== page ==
• Chronic otitis media with effusion (COME): As the name implies, COME is the term for a persistent case of fluid being trapped behind the eardrum. This can be either a recurrent case of fluid buildup or when the fluid is trapped continuously over a long time. In either case, the presence of the fluid can negatively affect hearing as well as make the child more susceptible to future infection.

    What Causes an Ear Infection?

    The most common cause of an ear infection is exposure to either bacteria or a virus that are typically present because of a previous upper respiratory infection. The reason the two infections are often linked is that the middle ear is connected to the respiratory system through the Eustachian tube. This connection makes it relatively easy for pathogens to migrate to the middle ear and cause a separate ear infection.

    The Eustachian tube is also one of the reasons why ear infections happen more frequently to children than to adults. When children are young and their bodies are still growing and developing, their Eustachian tubes are smaller and more level than in a fully grown adult. These smaller and more level tubes make it more difficult for any middle ear fluids to drain out any fluids that might build up. Another reason children are more susceptible is that bacteria can get trapped in their still-developing adenoids (part of the immune system).

    How Are Ear Infections Diagnosed?

    When you bring your child to a doctor because you suspect an ear infection, the first thing the doctor will ask is whether they had a recent sore throat or a common cold. The doctor will also ask about any signs or symptoms of an ear infection like ear pain, trouble sleeping, fussiness, tugging at the ears, or fever. A visit to the child’s doctor will also likely include an examination of the ear canal and eardrum with an otoscope. An otoscope is a lighted device that allows a clear view of the eardrum; any bulging will indicate fluid buildup and therefore a likely infection.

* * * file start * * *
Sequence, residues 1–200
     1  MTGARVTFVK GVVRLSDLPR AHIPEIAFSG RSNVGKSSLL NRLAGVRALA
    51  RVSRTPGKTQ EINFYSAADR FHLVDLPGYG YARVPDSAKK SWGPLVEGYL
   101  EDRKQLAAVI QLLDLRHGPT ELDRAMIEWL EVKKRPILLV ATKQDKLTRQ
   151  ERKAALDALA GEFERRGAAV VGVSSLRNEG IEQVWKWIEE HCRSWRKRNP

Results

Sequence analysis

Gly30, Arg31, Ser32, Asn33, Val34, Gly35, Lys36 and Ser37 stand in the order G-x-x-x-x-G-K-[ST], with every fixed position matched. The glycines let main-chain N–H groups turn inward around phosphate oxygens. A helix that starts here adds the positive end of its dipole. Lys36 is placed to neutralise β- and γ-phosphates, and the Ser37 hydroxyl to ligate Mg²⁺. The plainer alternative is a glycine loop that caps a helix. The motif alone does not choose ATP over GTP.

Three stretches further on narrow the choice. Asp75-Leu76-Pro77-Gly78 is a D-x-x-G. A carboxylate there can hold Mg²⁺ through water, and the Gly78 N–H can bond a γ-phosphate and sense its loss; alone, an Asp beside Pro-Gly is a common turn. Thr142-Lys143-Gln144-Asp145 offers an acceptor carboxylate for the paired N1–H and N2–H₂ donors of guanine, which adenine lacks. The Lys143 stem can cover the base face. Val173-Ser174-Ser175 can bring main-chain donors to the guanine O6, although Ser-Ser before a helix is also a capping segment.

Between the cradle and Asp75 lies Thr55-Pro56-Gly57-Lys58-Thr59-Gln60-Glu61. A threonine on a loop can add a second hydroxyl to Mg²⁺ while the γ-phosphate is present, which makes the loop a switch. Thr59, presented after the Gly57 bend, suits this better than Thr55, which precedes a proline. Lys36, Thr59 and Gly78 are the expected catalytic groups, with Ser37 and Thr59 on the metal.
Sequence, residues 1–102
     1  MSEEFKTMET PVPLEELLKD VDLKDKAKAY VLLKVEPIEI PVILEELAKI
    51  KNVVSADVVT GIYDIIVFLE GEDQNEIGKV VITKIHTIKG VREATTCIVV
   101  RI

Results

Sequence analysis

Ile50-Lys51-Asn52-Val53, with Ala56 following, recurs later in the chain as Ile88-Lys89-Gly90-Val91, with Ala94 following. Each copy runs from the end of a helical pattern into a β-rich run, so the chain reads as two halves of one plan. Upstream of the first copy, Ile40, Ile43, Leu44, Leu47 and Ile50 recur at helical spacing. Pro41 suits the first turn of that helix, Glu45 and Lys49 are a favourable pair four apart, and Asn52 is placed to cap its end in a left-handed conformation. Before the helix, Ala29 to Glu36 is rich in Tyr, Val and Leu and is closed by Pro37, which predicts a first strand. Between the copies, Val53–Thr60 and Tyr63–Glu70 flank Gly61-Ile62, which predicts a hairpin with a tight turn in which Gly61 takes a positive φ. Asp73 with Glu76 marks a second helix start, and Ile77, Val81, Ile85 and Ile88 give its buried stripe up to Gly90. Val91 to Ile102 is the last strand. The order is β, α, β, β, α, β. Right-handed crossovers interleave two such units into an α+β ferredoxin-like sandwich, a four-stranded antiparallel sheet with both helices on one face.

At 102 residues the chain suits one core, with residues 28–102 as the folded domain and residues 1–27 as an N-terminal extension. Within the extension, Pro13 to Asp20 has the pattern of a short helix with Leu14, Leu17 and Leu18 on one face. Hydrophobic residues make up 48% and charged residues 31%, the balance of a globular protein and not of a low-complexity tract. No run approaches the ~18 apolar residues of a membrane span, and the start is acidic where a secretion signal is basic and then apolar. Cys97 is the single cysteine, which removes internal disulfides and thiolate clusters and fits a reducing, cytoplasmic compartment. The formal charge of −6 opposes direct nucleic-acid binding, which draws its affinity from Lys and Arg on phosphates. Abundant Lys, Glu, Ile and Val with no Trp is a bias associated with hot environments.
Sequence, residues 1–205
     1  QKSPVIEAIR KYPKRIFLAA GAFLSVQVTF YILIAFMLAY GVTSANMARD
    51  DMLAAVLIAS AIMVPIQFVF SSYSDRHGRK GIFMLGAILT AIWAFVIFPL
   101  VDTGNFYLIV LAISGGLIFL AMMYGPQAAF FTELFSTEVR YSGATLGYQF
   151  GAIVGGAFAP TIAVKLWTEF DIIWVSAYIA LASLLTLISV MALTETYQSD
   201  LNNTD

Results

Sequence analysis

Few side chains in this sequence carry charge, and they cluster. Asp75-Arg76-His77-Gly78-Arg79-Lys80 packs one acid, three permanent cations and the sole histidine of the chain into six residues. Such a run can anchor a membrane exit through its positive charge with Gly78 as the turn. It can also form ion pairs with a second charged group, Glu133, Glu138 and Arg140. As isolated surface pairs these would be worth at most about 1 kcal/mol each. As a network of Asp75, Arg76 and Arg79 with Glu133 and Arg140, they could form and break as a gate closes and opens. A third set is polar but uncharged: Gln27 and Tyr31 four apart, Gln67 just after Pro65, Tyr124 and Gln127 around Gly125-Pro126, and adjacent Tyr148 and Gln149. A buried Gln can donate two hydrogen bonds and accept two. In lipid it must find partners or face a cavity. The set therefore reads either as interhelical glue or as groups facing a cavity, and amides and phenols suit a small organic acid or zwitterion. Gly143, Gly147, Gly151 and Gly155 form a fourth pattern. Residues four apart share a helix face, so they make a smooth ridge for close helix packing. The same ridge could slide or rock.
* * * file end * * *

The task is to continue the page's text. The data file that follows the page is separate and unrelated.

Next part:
How Are Ear Infections Treated?

    The treatment path for an ear infection is dependent on the cause. If it’s a bacterial infection, the doctor can prescribe antibiotics that will gradually eliminate the bacteria with a seven to 10-day course of medication. If it’s a viral infection (usually by a pneumococcal virus), however, treatment will mostly involve easing the symptoms until the immune system can clear up the virus. Over-the-counter pain relievers like acetaminophen or ibuprofen can be very helpful for reducing inflammation and related discomfort.

    In cases where the child has chronic ear infections or there are other serious complications, the doctor may want to perform a procedure called a myringotomy that involves creating small holes in the eardrums and placing special tympanostomy tubes that will aid with fluid drainage. These ear tubes are designed to stay in the ear for six to nine months before falling out on their own (usually with a followup visit to the doctor). If infections are still a chronic problem after that, the next step would be removal of the adenoids to make infections spread through the Eustachian tubes less likely.

    When to See a Doctor

    If you suspect your child has an ear infection, it’s a good idea to bring them in to get checked out. Most ear infections will be mild, but if left untreated they can become more serious. At TrustCare Kids, we are passionate about providing excellent health care and making your kids feel better as quickly as possible. You may also visit any of our walk-in urgent care locations.

    This post has been medically reviewed by Dr. Catherine Phillippi, pediatrician at TrustCare Kids. She earned her medical degree from the University of Mississippi School of Medicine in 1999 and completed her pediatric training at the University of Arkansas for Medical Sciences/Arkansas Children’s Hospital.